Our Katahdin, a nonprofit, has purchased the former Great Northern Paper assets in Millinocket, including a 1,400-acre former mill site, land adjacent to the Millinocket Municipal Airport, a 157-acre parcel of land at Ferguson Pond and a Regional EB-5 Center that carries a federal designation enabling foreign investment.
The deal — which includes all property and liabilities held by GNP West, GNP Holding II and the New England Center for Business Development — closed on Jan. 11 for $1.
The purchase comes with approximately $1.4 million in tax liability to the Internal Revenue Service and $164,353 in unpaid real estate taxes as well as additional back taxes on business equipment that’s owed to the Town of Millinocket, according to Our Katahdin’s announcement of the purchase.
“We know this purchase comes with enormous responsibility,” Sean DeWitt, president of Our Katahdin, said in the announcement. “We can’t promise instant results, but we can guarantee our best effort to help transform this idle industrial site into a productive, innovative bio- industrial park that leverages the comparative advantages of our region. This site is our heritage. We strongly believe in its future.”
The Town of Millinocket had filed liens against GNP West Inc. and GNP Holding II Inc., with the fiscal year 2015 tax lien of $66,325 set to mature on Jan. 15, 2017.
On Thursday, however, the Millinocket Town Council voted to file a six-month waiver on foreclosure in the interest of defining the terms of continued collaboration.
“The best scenario for the citizens of Millinocket is to get the mill site back into service as an industrial park, with the EB -5 designation and environmental agreements intact,” Mike Madore, chairman of the Millinocket Town Council, said in a written statement. “A collaboration between the town and Our Katahdin gives us the capacity to begin the hard work of transforming the mill site into a world-class industrial park. This is about using the incredible assets we have in the area to bring jobs and investment to the town.”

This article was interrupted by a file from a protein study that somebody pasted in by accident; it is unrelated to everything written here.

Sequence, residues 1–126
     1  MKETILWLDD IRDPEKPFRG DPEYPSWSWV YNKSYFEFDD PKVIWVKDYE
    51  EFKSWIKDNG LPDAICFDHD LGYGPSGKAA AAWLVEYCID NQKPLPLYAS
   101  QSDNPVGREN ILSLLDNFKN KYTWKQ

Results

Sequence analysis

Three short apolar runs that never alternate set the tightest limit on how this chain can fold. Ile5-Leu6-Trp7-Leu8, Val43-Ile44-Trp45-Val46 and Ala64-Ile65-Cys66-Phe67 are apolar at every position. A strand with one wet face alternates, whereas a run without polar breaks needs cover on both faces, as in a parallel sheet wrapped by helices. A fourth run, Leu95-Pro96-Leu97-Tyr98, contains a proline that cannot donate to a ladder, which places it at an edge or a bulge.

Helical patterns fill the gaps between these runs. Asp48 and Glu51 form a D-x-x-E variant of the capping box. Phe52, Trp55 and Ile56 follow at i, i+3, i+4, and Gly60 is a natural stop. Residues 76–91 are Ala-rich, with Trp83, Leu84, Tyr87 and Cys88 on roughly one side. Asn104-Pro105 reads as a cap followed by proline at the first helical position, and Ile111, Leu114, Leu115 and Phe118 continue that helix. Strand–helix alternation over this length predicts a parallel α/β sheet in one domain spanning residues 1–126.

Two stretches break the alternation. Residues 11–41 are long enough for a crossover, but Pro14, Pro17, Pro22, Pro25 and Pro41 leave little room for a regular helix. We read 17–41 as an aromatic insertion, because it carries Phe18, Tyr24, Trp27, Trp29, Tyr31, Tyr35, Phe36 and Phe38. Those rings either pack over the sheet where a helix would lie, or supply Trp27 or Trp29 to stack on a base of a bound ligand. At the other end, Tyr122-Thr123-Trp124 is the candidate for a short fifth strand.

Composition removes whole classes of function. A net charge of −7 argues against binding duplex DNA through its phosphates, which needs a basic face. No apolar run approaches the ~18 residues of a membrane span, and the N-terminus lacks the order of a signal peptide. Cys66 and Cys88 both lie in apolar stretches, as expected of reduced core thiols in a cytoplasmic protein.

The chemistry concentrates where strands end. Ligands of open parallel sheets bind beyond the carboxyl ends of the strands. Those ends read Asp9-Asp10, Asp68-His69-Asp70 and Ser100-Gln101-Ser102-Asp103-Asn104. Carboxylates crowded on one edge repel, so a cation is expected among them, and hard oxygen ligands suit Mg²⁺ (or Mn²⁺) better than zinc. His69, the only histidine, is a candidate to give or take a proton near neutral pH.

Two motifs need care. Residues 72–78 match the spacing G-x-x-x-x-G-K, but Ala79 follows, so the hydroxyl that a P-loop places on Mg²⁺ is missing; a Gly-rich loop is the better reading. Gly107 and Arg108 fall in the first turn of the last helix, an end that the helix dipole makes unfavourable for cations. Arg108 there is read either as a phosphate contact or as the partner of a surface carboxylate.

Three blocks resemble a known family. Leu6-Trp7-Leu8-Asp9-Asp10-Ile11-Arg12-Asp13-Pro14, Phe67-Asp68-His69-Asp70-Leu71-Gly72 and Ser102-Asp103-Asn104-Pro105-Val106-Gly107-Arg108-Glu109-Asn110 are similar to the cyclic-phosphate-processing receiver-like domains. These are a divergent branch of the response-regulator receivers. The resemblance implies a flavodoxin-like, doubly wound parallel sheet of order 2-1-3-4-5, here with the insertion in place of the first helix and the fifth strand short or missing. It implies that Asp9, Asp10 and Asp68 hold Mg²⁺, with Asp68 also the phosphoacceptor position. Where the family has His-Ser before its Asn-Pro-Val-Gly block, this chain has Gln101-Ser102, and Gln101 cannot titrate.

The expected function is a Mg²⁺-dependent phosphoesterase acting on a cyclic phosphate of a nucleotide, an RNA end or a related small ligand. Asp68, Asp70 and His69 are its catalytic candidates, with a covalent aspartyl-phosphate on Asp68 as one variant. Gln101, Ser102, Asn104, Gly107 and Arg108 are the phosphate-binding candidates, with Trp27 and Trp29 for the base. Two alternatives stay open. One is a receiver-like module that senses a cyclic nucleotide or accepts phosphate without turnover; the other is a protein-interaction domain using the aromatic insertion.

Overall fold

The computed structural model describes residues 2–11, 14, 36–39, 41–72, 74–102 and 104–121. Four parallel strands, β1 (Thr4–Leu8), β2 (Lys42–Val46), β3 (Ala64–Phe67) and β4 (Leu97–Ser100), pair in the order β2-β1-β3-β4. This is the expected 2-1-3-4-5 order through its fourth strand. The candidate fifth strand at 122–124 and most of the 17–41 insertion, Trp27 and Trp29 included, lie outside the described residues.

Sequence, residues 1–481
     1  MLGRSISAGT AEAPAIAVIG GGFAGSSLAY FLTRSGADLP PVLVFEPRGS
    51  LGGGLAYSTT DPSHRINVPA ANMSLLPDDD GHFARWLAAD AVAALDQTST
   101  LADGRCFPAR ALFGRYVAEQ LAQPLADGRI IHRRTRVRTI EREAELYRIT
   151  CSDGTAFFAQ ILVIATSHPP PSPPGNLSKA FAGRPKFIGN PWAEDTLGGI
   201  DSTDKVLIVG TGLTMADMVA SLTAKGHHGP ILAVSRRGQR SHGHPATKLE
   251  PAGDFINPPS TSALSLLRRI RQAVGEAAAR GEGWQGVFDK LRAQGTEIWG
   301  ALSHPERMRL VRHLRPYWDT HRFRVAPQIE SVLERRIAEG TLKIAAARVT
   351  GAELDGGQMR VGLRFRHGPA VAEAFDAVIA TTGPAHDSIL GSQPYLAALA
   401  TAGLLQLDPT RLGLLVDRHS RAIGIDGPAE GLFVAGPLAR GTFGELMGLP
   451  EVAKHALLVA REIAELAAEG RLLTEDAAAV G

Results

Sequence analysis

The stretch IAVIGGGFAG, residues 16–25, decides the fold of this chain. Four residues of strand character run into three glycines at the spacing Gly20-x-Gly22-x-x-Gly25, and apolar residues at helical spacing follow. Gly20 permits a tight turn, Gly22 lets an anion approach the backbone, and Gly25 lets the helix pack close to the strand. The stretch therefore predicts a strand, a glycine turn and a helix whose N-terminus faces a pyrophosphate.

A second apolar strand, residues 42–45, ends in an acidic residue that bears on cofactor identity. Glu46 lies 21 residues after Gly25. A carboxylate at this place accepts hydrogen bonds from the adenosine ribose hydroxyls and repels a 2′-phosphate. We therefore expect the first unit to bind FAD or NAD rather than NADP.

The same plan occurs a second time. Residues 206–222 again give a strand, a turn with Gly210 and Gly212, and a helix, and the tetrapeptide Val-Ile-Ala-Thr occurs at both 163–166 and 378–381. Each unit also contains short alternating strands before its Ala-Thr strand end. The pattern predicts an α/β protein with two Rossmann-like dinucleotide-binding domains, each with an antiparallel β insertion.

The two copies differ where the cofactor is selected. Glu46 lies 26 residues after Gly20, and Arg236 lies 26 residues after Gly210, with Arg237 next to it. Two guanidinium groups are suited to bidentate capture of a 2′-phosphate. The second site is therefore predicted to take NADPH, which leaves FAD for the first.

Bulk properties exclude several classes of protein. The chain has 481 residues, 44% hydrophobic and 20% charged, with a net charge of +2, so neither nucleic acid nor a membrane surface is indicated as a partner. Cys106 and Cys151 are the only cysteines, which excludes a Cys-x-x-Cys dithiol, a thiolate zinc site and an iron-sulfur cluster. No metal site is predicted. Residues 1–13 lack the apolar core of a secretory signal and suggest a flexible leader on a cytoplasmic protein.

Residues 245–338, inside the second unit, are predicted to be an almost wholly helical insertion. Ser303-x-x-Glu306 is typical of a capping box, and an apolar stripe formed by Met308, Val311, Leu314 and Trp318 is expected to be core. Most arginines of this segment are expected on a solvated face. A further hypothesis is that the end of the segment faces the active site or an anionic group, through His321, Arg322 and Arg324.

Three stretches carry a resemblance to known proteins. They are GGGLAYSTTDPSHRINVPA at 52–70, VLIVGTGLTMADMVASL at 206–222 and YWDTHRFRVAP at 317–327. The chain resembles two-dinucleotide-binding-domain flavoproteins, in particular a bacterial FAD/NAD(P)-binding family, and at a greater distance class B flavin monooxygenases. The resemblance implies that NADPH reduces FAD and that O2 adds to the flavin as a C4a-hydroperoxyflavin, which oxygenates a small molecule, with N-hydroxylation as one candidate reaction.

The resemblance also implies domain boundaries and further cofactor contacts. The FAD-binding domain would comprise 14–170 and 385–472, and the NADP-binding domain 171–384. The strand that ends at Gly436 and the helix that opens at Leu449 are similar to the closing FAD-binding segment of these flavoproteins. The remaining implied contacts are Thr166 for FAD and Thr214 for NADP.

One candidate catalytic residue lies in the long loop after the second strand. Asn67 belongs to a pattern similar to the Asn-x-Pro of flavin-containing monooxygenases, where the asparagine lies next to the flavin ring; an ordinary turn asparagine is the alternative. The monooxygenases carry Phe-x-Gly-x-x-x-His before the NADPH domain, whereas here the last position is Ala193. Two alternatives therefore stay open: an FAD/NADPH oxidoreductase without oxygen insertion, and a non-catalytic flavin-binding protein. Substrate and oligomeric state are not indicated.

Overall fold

Our Katahdin’s announcement reported that it will continue to work with Millinocket town officials on the remaining tax liabilities.
“Had the town chosen to foreclose on the property, it would have fractured the assets and embroiled the town in legal processes that would continue to delay economic redevelopment,” the nonprofit stated.
Madore said all the parties will be working together to marshal grants, create investment, incentives and “engage the local community in the process of redevelopment.”
Our Katahdin plans to utilize its community investment arm, Our Katahdin Investments, which also is a 501(c)(3) nonprofit organization, to provide opportunities for citizens to invest in the redevelopment of the mill site.
“We are grateful that Our Katahdin was able to acquire the mill site and all other assets as a single unit. It was better for all parties that the purchase was finalized with the real estate, industrial assets and critical federal and state designations intact,” Dewitt said, noting that discussions about the mill site between the nonprofit and the GNP entities began in the summer of 2016.
The Millinocket mill property had been envisioned as the site for a multi-phase $250 million biocoal manufacturing facility proposed by Thermogen Industries LLC, an offshoot of the Portsmouth, N.H.-based Cate Street Capital. Those plans were later scrapped in favor of a proposed $140 million steam-thermal plant using wood pellet technology similar to plants in Crockett, Texas, and Selma, Ala., but that never materialized.
In response to the announcement that Our Katahdin had purchased the former Great Northern Paper Mill site, U.S. Sens. Susan Collins, R-Maine, and Angus King, I-Maine, and 2nd District Rep. Bruce Poliquin, R-Maine, released the following joint statement:
“This is outstanding news for Millinocket and for the entire Katahdin region. The purchase of the former mill will help relieve the town of a burden that it has had to bear for far too long, and it will finally allow innovators and entrepreneurs to come together, collaborate, and build a better, brighter future for the region. We commend Our Katahdin on this announcement and pledge to work with them in any way we can to support continued economic growth throughout the region.”